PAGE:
A Record Deficit – The U.S. Looks Back on Trade During 2022
With millions praising the labor market on its massive win in January, there are other signs that seem to paint a mixed economic picture. On the commercial front, the United States’ imports exceeded its exports throughout 2022. The trade deficit for 2022 was officially recorded at $948.1 billion, growing by 12% when compared to 2021. When taking in the myriad of issues ranging from rising interest rates, high inflation, and global tensions, it is no surprise that America experienced such a large deficit. Stunningly, the U.S. has consistently had trade deficits since the 1970s, mainly due to the high volume of imports of oil and consumer goods. However, it is important to dissect and understand exactly why last year’s trade activity resulted in such a large margin of loss.
In the last two quarters of the year, imports of goods and services had fallen, being attributed to cooling consumer demand. When compared to 2021, consumer spending slowed toward the latter half of the year, with people interestingly spending less on goods such as home furniture and more on services like travel and dining. In the fourth quarter, exports had fallen as global commerce seemed to decelerate. After November, worldwide shipping demand had slowed following oversupply and excess inventory that had begun during the pandemic. Nevertheless, the new data that shows a calming consumer may continue to translate to companies’ earnings, which will be important to see and hear as we finish up this current earnings season.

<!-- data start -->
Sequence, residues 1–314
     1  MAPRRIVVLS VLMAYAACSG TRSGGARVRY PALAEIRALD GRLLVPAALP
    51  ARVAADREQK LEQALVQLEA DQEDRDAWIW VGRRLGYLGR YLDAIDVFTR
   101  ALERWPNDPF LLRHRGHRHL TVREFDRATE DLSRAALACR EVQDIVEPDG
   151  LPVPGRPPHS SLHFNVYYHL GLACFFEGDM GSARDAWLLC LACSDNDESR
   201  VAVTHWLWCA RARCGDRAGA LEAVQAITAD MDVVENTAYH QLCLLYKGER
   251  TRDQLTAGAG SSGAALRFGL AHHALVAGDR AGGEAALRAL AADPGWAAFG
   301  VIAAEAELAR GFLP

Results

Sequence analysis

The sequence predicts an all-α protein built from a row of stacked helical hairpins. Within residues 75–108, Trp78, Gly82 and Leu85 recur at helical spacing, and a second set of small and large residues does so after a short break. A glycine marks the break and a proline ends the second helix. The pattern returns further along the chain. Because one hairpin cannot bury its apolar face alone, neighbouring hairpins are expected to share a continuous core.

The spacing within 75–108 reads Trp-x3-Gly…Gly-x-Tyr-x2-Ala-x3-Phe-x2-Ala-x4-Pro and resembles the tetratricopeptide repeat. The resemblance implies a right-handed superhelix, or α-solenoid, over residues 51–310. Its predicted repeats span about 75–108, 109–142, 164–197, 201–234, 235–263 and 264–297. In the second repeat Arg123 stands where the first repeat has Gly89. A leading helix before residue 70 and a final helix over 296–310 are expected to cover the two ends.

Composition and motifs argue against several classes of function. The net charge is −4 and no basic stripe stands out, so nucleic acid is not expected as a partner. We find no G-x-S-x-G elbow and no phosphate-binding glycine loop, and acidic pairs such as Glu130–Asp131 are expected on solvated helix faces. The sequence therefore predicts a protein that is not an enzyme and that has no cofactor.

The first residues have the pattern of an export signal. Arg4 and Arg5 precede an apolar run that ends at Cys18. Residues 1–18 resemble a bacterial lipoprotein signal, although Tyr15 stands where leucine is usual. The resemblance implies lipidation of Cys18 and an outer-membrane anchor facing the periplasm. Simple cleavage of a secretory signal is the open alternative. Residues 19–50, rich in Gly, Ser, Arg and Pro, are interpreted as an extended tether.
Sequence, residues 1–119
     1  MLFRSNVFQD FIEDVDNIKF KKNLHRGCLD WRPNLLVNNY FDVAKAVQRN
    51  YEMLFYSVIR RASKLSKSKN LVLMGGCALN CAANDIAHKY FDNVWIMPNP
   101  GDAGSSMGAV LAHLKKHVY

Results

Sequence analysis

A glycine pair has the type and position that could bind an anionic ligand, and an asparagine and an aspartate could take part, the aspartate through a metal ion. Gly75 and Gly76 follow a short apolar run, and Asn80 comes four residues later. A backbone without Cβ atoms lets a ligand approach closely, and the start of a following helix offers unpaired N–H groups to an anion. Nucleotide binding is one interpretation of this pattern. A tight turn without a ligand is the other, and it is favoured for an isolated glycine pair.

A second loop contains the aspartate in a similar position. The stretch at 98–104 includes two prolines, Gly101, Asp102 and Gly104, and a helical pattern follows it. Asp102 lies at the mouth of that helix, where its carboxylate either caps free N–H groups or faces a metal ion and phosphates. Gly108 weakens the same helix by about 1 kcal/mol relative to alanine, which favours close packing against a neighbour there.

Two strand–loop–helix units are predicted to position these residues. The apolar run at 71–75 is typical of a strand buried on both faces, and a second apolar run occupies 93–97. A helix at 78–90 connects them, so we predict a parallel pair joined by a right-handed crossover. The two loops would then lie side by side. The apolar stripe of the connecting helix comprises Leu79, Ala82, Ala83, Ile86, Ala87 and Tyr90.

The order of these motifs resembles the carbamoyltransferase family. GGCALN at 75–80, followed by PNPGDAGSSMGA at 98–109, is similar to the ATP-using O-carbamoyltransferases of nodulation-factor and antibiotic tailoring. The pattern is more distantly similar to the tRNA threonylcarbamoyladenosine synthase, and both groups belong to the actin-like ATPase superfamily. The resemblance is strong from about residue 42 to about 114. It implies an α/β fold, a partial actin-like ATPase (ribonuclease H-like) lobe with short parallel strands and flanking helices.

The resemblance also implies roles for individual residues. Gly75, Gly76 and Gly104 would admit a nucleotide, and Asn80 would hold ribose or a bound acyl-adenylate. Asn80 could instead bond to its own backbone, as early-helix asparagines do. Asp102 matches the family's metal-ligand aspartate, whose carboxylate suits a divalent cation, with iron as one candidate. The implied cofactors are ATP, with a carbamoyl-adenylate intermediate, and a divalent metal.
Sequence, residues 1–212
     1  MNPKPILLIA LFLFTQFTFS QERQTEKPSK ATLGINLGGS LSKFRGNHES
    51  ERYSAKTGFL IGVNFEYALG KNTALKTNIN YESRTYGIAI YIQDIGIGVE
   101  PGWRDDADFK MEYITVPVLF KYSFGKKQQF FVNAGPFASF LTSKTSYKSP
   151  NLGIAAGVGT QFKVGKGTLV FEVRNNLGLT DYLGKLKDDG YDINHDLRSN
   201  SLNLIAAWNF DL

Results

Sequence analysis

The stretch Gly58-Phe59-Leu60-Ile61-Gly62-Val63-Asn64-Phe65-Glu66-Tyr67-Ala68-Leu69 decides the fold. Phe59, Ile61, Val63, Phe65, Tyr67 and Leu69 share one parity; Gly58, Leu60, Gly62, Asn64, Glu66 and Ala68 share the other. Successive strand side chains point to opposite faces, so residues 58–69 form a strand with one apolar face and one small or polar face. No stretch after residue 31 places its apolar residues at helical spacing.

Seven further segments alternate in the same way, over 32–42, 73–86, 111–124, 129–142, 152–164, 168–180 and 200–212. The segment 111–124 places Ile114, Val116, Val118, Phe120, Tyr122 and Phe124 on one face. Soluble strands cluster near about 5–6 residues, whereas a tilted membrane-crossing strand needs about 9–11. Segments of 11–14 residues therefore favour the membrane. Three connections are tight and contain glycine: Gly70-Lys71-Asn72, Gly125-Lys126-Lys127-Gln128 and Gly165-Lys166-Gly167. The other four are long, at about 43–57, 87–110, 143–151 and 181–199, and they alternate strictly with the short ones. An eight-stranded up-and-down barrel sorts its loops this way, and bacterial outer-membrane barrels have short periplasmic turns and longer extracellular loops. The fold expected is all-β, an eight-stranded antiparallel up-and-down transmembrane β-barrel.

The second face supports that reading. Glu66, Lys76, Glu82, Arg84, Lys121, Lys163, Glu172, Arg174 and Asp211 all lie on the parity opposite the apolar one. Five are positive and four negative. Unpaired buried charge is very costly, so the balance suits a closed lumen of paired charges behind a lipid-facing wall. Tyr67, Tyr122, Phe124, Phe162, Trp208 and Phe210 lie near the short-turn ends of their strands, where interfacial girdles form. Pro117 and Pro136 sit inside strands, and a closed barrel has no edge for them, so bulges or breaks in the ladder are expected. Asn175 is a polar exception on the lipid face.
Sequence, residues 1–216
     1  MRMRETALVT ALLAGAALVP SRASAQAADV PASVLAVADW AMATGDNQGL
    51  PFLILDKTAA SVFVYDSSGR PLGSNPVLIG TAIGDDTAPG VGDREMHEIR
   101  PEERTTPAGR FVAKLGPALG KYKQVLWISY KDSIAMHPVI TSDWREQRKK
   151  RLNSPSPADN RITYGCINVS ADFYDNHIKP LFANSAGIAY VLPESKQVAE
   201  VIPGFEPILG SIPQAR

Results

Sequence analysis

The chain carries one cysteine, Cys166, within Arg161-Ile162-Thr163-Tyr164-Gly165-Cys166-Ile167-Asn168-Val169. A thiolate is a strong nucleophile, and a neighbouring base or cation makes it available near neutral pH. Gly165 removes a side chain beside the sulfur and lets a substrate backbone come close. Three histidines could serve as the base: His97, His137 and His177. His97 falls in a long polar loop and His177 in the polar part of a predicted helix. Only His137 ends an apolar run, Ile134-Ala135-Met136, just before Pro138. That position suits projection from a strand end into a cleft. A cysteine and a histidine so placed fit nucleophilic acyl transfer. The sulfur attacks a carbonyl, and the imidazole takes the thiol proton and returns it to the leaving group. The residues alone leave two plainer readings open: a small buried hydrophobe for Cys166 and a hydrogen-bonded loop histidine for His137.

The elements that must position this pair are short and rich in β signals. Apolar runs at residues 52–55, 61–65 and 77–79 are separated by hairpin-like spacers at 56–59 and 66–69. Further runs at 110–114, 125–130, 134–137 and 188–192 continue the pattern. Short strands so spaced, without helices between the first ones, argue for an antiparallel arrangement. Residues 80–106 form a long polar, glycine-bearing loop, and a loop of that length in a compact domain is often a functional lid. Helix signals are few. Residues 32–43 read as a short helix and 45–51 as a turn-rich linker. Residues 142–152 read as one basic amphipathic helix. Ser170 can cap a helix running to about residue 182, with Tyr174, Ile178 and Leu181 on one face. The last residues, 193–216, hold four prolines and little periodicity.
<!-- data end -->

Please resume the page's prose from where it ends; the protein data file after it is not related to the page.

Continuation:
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I am not a financial advisor and my comments should never be taken as financial advice. Investments come with risk, so always do your research and analysis beforehand.